Great photo from Will Richardson.
When your classroom looks like this (hopefully with fewer students) are you still going to teach the same?
Based on what little I’ve heard locally from a university that’s gone 1:1 with both laptops and iPhones, the answer often is sadly, “Yes.” This Kaplan ad as well as the latest ACU “Connected” video suggest that the learning interactions SHOULD be different when ubiquitous access to laptop and handheld computing devices are available. We all know, however, there is often a space (sometimes large) between what is possible and what is actual.
ACU Mobile Learning from ACU Videos on Vimeo.
To answer the questions invited by Will’s photo above, we might also need to answer the related questions, “How robust is the provided WiFi connectivity?” and “How much professional development as well as just-in-time instructional technology support is available?” At NECC 2009 this year, the bandwidth left a LOT to be desired. That can also be the case in schools which do not adequately plan and scale their network infrastructure to meet the demands of 1:1 computing.
1to1, laptop, learning, onetoone
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On this day..
- 2003 K-12 Classroom Technology Integration: Pre-YouTube and Pre-Smartphone - 2019
- Glimpse the Future with Amy Webb @amywebb (Thanks @TWiT) - 2018
- Changing "Classroom Normal" with Interactive Blogging - 2012
- Passion-based learning in action: Brian Crosby at TEDxDenverEd - 2010
- Thoughts on Macs and Netbooks - 2009
- Digital media becomes socially interesting as it becomes technologically boring (ubiquitous) - 2009
- links for 2008-07-27 - 2008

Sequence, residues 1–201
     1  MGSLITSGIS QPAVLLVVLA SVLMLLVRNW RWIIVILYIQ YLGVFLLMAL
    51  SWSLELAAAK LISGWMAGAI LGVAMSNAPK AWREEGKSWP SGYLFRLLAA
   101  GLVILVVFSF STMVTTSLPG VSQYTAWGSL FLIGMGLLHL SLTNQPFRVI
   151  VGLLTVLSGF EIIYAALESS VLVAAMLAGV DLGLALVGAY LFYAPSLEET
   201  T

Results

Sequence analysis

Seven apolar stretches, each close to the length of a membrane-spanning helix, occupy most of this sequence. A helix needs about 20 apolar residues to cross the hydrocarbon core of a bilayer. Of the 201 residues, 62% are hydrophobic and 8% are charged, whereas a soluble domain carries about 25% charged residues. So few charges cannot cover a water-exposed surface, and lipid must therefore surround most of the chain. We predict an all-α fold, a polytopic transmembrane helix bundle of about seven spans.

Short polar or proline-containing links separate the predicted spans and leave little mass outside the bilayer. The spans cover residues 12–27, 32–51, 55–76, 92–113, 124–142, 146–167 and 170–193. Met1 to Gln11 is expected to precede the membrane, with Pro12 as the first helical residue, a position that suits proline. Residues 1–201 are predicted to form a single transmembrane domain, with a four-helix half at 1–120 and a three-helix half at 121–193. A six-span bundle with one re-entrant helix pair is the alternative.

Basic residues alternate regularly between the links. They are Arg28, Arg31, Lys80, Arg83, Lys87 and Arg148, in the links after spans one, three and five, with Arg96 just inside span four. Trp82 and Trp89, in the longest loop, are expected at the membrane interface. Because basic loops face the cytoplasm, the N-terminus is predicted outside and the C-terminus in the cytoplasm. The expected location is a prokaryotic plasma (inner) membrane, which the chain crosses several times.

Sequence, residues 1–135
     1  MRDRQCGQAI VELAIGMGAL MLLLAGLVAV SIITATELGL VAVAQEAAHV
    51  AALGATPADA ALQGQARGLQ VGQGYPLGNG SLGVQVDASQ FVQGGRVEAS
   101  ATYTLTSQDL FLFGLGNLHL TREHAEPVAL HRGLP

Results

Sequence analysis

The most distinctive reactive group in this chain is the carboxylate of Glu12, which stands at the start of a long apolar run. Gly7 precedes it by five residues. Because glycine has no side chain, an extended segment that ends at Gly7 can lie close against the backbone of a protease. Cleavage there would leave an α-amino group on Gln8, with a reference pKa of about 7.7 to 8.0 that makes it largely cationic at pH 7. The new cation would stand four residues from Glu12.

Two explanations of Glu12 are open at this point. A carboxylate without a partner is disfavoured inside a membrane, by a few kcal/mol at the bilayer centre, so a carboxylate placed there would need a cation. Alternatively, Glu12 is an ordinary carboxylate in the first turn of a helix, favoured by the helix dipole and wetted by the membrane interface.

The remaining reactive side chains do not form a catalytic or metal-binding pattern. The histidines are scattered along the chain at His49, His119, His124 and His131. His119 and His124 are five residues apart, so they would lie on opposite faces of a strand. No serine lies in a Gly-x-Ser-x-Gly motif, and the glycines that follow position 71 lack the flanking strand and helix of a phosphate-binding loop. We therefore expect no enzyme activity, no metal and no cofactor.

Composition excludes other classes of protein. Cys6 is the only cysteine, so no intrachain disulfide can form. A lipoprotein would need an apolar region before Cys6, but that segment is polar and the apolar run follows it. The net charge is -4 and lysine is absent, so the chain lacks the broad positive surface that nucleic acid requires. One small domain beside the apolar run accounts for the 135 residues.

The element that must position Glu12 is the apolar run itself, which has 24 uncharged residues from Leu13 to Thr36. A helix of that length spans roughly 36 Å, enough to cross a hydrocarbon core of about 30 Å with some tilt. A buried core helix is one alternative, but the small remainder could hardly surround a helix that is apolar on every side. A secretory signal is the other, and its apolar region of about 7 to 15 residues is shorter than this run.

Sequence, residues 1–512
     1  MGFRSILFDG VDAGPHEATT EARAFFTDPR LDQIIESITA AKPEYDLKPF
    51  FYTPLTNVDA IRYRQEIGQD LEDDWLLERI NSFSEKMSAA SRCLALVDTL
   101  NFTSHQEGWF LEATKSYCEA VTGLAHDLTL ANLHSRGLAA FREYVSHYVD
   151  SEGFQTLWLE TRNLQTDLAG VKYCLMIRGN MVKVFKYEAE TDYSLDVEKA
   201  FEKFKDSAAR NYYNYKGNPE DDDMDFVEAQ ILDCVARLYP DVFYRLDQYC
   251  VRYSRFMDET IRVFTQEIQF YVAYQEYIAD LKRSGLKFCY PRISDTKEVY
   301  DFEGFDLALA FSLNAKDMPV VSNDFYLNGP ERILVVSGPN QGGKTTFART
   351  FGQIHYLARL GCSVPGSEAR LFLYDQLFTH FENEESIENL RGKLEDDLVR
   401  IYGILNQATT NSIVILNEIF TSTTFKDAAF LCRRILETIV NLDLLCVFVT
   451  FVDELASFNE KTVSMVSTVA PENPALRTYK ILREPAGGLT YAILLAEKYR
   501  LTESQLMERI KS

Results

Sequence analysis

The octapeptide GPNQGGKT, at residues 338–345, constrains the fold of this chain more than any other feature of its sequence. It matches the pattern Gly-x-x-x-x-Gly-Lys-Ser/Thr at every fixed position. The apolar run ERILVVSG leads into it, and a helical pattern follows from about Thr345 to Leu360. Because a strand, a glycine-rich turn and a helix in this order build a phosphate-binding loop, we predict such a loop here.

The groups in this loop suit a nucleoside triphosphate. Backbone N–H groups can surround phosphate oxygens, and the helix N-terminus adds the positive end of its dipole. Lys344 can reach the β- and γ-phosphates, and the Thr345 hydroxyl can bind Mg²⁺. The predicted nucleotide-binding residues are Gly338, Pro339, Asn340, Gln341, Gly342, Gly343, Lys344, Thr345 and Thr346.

- DOPA might not kill all DSN education in schools - 2006
- Virtual Field Trips: Take Students on An Adventure to Learn - 2006
- Putting the "interactive" into interactive electronic whiteboards - 2006
I am having trouble imagining why in the world anyone would put a group of students that large in one room at the same time.
If it’s a lecture, turn it into a podcast or video and distribute it. If it’s a discussion, break up into small groups. If there’s a panel discussion of eminent experts on stage, then ask everyone to close their effing laptops and listen!!
Coming from a college that has a 1-to-1 program in place for students, I can report that this is what we are seeing. There are a lot of professors who just don’t know what to do in this type of environment. This confusion has gone so far that the “Honors College” has banned laptops in some of its lectures. I constantly slap my head V8 style over that one.
You can try offering PD, however academic freedom seems to get in the way often. It is very difficult to higher education faculty that isn’t willing to adjust to 21st century realities into PD sessions. We are still struggling with faculty members that look at computer technology as an extra thing to include in their classes.
That said, there are faculty members that are embracing our 1-to-1 program. They are future focused and very concerned with the best ways change their teaching for the 1-to-1 environment. Change is happening. My biggest worry is that it isn’t happening fast enough.
Something tells me that class could be taught online . . . in any event, I ddon’t know how I will teach when all my students can afford a laptop (especially if it comes from Apple :-), but here’s an example of how I will NOT teach
Punya Mishra (of TPACK fame, MSU) did a guest post on my blog when I was away last April.
In this post, he did a mashup of the Kaplan video you reference above.
The post is entitled: “A TPACK Video Mashup” => http://nashworld.edublogs.org/2009/04/08/a-tpack-video-mashup/
Here’s betting you’ll appreciate his take on the video.
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